KIA OPTIMA SPORTSWAGON: cloning the best of the best

1237876_Optima GT - 001HATS off to Kia – they’ve taken a long hard look at what fits the bill over here, gone away and, like the Koreans have done with the mobile phone industry, cloned the best.

So now, as well as a pretty decent all round range of cars, they’ve added a newie to the list – their first estate version.

It’s fairly evident they knew full well what they were doing because the stretched rear has been added to their very acceptable stretched saloon to create the Optima Sportswagon.

1237905_Optima GT - 011A genre of car that used to be simply ‘an estate’ now has a number of identifying monikers, but there are few that rival the Korean for sheer good looks. And that’s refreshing when the vehicle in question will be purchased mainly for its carrying ability.

Here is a car that has been styled by someone who knows a thing or two about style. Clean, uncomplicated lines that are now longer, wider and taller than before give it a low, sleek profile, and a stand out front end with its hallmark Kia tiger-nose grille.

Major box tickers are its limo levels of legroom, headroom that’s actually a little impaired by the large panoramic roof, but otherwise a neat, very comfortable and roomy cabin, along with a big load area.

1237880_Optima GT - 005Crucial to all that is the power unit. Despite its relatively small capacity for a car this big, the plucky 1.7 diesel engine has respectable performance, reaching 60mph in 10.6 seconds with the automatic transmission fitted to our test car, going on to a 126mph top speed anywhere you can get away with it. Power has increased to 139bhp and the torque figure to 340Nm which equates to fairly effortless overtaking and relaxed cruising. Low speed driveability is worthy of note.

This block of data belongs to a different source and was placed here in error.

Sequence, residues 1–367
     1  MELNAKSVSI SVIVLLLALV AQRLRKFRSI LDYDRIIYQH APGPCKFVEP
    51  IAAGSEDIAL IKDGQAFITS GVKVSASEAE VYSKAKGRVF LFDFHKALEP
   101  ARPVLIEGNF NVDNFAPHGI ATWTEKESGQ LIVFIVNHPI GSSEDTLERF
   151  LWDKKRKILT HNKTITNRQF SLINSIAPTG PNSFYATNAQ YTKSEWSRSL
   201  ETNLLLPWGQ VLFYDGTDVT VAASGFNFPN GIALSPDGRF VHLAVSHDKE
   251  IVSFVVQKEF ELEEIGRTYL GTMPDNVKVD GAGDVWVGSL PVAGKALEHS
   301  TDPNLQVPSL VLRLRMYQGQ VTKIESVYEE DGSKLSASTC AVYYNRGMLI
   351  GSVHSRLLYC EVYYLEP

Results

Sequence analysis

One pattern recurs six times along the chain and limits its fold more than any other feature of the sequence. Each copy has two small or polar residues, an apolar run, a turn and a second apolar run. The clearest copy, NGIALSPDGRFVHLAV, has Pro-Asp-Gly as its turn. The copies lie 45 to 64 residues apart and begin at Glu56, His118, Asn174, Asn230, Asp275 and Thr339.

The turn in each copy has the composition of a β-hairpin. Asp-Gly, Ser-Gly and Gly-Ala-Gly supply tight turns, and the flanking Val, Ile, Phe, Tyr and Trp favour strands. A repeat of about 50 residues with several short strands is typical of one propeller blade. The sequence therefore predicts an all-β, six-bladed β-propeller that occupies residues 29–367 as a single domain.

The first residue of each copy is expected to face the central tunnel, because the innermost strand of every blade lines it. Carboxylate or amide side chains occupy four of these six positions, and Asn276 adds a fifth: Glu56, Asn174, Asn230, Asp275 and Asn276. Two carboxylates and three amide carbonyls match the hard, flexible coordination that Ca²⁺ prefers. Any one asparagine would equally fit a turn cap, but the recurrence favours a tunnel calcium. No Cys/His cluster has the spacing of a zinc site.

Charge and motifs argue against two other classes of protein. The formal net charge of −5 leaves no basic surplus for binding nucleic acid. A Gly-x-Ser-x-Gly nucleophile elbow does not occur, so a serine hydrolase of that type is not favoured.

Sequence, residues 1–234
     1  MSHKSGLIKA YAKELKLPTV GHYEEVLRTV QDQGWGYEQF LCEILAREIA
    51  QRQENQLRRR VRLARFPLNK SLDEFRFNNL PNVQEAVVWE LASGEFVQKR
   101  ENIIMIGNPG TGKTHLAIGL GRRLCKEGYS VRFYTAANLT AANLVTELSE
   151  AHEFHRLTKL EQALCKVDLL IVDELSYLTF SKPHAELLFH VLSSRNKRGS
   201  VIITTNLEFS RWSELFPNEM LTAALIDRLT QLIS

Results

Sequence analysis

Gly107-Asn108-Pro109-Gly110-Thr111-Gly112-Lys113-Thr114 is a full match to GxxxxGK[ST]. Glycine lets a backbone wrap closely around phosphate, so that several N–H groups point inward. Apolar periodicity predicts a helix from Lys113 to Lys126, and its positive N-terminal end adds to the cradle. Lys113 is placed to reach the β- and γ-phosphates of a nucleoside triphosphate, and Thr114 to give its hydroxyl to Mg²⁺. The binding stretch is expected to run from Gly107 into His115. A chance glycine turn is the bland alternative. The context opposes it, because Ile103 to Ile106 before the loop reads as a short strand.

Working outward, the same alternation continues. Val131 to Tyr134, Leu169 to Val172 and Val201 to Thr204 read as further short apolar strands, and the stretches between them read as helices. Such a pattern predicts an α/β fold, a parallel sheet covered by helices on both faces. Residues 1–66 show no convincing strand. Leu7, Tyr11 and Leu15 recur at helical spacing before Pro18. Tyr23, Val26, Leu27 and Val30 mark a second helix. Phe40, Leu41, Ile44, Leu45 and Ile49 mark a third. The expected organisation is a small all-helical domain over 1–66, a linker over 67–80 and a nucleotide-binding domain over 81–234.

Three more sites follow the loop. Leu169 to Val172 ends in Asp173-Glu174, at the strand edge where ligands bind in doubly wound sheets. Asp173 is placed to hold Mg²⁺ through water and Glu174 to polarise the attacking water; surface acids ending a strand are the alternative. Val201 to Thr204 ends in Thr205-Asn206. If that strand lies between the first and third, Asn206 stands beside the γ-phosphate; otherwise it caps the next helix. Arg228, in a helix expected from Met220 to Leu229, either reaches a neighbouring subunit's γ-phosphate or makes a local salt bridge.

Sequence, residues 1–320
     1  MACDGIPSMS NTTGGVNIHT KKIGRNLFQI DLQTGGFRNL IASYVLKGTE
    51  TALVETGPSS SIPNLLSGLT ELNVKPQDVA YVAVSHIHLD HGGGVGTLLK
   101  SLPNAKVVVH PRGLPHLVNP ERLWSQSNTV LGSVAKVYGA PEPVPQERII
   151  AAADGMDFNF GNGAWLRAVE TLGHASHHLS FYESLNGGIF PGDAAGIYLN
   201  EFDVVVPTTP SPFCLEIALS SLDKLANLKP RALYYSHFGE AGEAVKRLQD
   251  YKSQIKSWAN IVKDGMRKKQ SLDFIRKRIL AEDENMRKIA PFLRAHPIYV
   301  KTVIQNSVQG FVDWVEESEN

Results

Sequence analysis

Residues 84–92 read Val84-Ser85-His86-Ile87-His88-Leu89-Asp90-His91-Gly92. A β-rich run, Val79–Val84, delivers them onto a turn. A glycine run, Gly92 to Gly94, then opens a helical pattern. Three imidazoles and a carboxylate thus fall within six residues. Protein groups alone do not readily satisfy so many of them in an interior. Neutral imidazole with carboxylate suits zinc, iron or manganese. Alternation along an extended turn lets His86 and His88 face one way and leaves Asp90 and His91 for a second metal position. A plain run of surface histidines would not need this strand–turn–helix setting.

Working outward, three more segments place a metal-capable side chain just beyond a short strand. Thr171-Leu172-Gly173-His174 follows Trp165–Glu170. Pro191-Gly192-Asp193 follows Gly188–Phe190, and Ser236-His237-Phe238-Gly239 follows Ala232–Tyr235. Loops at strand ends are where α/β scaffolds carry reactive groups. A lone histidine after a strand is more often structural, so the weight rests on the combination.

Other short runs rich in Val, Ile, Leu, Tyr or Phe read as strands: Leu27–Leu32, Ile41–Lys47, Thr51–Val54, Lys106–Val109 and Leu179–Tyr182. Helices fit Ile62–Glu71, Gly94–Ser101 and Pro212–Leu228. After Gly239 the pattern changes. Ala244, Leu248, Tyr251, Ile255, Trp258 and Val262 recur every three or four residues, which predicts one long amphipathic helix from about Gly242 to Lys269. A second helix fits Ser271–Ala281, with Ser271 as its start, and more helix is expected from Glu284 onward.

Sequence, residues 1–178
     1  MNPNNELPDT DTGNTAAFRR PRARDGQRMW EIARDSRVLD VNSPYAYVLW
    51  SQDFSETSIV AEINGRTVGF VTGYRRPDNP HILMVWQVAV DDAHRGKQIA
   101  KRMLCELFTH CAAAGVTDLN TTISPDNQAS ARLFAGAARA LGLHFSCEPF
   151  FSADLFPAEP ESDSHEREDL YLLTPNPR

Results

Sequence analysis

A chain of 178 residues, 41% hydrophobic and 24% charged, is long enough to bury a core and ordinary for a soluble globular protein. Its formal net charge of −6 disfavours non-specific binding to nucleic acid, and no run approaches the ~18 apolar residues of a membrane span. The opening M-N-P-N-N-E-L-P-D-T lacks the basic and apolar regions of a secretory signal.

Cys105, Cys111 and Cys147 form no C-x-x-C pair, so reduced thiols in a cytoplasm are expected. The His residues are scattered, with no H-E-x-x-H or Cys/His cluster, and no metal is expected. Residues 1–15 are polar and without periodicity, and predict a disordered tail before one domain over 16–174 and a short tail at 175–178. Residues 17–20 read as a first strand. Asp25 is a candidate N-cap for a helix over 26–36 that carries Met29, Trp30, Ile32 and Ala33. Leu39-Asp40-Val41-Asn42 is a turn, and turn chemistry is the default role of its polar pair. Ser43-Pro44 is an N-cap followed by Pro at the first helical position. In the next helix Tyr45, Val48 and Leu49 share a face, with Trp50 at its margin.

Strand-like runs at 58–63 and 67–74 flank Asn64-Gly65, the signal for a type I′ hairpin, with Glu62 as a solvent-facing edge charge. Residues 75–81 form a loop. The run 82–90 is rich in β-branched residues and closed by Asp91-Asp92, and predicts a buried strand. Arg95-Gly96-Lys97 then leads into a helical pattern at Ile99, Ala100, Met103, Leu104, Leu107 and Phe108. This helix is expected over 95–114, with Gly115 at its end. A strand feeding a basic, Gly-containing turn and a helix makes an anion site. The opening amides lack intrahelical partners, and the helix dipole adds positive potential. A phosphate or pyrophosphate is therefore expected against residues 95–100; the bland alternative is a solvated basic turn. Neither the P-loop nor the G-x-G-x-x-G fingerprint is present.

With auto transmission you also get Drive Mode Select – three programmes (Normal, Eco, Sport) which alter the shift timing, accelerator mapping and steering weighting depending on what’s selected.

The seven speed dual clutch gearbox is a new addition. One clutch operates the odd numbered gears and the other the even numbered ratios, so its always ready for the next up or down shift, so changes are smooth and torque losses during shifting are reduced.

In just about any version of the Optima you’ll find more toys to play with than your average Smythe’s superstore, and the latest features a high end Harmon Kardon sound system, which gives you great sound quality to accompany your travels.

It helps that the overall level of sound proofing and acoustic damping ensure you can hear it clearly.

1238122_Optima GT - 065The dash is divided into an upper display zone and a lower control zone, and there are fewer switches, with more functions operated via the touch screen.

You can also tick the boxes for heated seats, cornering lights and an automatic cabin defogging system. Smart entry (where you don’t need the key) with an ignition stop/start button is standard and a reversing camera and an electric parking brake also find their way into the spec.

The accent is very much on quality. Optima sales are traditionally modest as Kia have refused in the past to offer huge discounts to fleets – and have no intention of changing.

And that just helps to give cars like this a little bit more exclusivity on the roads. But it’s not a car you won’t instantly notice.

FASTFACTS: Kia Optima Sportswagon GT-Line S; £29,945; 1685cc CRDi turbocharged common rail diesel, 139bhp, 340Nm; seven speed auto DCT; top speed 126mph, 0-60mph 10.6secs; fuel – urban 55.4, extra urban 68.9, combined 64.2; CO2 116g/km; will it fit the garage? 4855/1860/1465 (l/w/h); Kia seven year warranty.

© 2017
1237907_Optima GT - 013